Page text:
Stealing money from children, senior citizens or mentally ill people ought to be harder than it is, and Palm Beach County’s comptroller wants clerks statewide to clamp down on guardianship fraud.
To date, only two Florida counties have procedures in place to investigate guardianship fraud. Sharon Bock, Palm Beach County’s clerk and comptroller, didn’t originate the idea. Pinellas County has gone after fraud against wards of the state for a decade. But once Bock saw the need she became an advocate beyond her borders.
"We’re going to be doing seminars for the newly elected clerks," she said. "Some counties are so small they don’t have substantial probate cases. But in Broward, Dade and Duval, you really are talking about a lot of money."
Twenty-one, or almost a third of the state’s county clerks, started their first term in January.
A milestone was reached in January when sheriff’s deputies made the first arrest from an investigation done by Bock’s inspector general’s division.
Willie E. Lockridge of Nashville temporarily moved to Lake Worth to take advantage of his brother, who had been appointed guardian of Lockridge’s daughter, investigators charged. The girl’s mother, Bernitha Burgess, died in 2011 and left her daughter a 401(k) account worth $58,866.
Lockridge posed as his brother during a phone call to the fund manager and had the entire account mailed by check to a Lake Worth residence, the sheriff’s report said. He then got his brother to open a joint account at a bank that was not the one designated by the probate judge. Within months, Lockridge allegedly emptied the account to purchase a 2007 Jaguar XK, large flat-screen television and gifts for his girlfriend.
He was extradited to Florida and faces felony charges of grand theft and fraud.
Opportunity For Fraud
The arrest would not have happened without a tip received by the county’s guardianship fraud hotline, part of a program that for Bock had its genesis in another case.
In 2010, Fredchen Keller, then 15 years old, made news when his attorney raised questions about the handling of his $30 million estate. Keller lost his mother in 2003 when she was murdered by his father, Fred Keller. A guardian was appointed for the boy.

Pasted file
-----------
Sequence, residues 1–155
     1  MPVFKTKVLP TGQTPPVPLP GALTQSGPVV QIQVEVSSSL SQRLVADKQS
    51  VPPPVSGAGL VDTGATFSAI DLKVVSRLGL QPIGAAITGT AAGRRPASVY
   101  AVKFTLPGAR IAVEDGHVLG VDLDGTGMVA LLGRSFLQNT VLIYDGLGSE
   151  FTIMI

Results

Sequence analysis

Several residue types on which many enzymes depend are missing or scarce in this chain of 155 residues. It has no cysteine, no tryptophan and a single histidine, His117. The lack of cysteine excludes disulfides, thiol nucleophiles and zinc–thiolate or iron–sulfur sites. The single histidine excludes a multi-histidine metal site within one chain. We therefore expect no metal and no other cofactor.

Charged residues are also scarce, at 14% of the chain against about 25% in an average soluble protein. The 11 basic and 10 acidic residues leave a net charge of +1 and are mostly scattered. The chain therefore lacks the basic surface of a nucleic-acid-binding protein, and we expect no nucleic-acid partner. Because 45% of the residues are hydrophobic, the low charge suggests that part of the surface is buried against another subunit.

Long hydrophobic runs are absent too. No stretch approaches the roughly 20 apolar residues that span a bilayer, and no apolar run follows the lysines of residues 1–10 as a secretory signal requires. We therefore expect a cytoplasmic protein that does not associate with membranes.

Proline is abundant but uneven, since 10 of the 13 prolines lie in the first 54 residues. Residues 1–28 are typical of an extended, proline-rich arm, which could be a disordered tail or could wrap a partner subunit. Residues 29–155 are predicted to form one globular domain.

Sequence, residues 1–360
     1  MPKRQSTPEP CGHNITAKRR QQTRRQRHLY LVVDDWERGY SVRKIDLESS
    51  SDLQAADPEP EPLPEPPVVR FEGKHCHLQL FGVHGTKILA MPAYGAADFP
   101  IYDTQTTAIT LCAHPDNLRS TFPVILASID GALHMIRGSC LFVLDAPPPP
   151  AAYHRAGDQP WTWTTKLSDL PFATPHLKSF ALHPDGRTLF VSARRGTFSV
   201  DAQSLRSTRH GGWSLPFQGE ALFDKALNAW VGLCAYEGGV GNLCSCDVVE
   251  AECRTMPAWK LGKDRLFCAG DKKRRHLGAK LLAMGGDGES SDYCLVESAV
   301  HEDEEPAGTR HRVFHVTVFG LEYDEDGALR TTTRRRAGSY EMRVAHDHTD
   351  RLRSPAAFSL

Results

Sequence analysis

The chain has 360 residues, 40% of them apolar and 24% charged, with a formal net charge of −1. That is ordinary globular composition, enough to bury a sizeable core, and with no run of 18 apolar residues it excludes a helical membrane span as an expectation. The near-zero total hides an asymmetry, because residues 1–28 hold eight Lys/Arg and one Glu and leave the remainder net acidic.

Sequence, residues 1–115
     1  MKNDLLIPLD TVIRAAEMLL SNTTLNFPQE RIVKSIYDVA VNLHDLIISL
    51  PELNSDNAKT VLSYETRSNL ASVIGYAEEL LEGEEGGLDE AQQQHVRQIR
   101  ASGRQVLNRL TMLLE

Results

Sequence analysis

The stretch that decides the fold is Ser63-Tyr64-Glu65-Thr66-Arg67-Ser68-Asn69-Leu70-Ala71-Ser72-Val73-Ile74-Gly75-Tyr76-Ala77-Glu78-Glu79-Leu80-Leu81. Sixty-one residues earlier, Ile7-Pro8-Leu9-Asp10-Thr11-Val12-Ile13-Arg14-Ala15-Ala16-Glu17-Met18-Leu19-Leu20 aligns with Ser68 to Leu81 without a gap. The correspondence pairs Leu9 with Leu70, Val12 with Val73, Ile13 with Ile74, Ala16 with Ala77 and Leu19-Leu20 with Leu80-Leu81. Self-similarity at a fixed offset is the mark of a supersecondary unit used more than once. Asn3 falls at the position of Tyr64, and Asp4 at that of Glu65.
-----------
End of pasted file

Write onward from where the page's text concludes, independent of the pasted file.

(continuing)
"I noticed there was an uptick in the number of guardianship cases," Bock said. "That paired with the down economy generally means there is an opportunity for fraud."
News of Keller’s situation brought it home for Bock. She already had authority to audit court-generated accounts, but there was a communications gap.
The clerk has auditors who can spot irregularities but no direction from anyone to investigate.
"The problem is there was no one to go behind any kind of red flags except for the judge. But judges only know what they’re being told on the bench," Bock said.
She approached Chief Judge Peter Blanc, who drafted an administrative order formalizing communication between the clerk and probate judges and authorizing more in-depth audits for guardianship cases that get flagged.
Bock hired Anthony Palmieri as senior internal auditor, started a media awareness campaign, and on Oct. 20, 2011, put the fraud program in motion with the launch of the hotline in October 2011.
In its first year, the hotline generated 82 tips, and 37 merited referrals to some type of law enforcement agency for unauthorized disbursements that exceeded $1.14 million. There are three active cases with the Palm Beach sheriff, one with the Florida Department of Law Enforcement and one before The Florida Bar, Palmieri said.
Six inspector general’s auditors conduct initial audits, Palmieri said. When red flags turn up or if a tip comes in, he takes over and conducts more intensive reviews.
"This involves third-party verifications. We take everything in the guardianship reports and verify them against independent sources such as the IRS, Social Security Administration, bank records and other public records," Palmieri said.
If there are problems, the next step is to examine all original documents and to interview the ward and others directly involved in the ward’s affairs.
Looking beyond her backyard, Bock realized the need for a better coordinated attack on guardianship fraud. Somewhere between 30,000 and 55,000 children and adults are wards of the state in Florida, she said.
"A lot of people think that just because you are a ward of the court you are broke," Bock said. "That is so far from the truth."
A number of guardians in Palm Beach County manage seven-figure accounts, and one has an account worth $125 million, she said.
Nationwide, court-appointed guardians handle a total of $273 billion, Palmieri said. Yet only 20 states have laws requiring some form of audit.
Palmieri has become Bock’s emissary on the subject. The two attended the National Guardianship Association national conference in Portland, Oregon, last fall to discuss the results of the program’s first year.
Since then, Palmieri traveled to Tennessee to meet with the legislative committee of the Tennessee Bar Association, which is drafting a bill for guardianship fraud enforcement.
"This is something all counties across the United States should be taking very seriously," Bock said.
Compared to the impact these programs can have, they are inexpensive to run, she said. And in Florida, the authority is already built into the clerk’s role. It’s just a matter of coordinating with the court.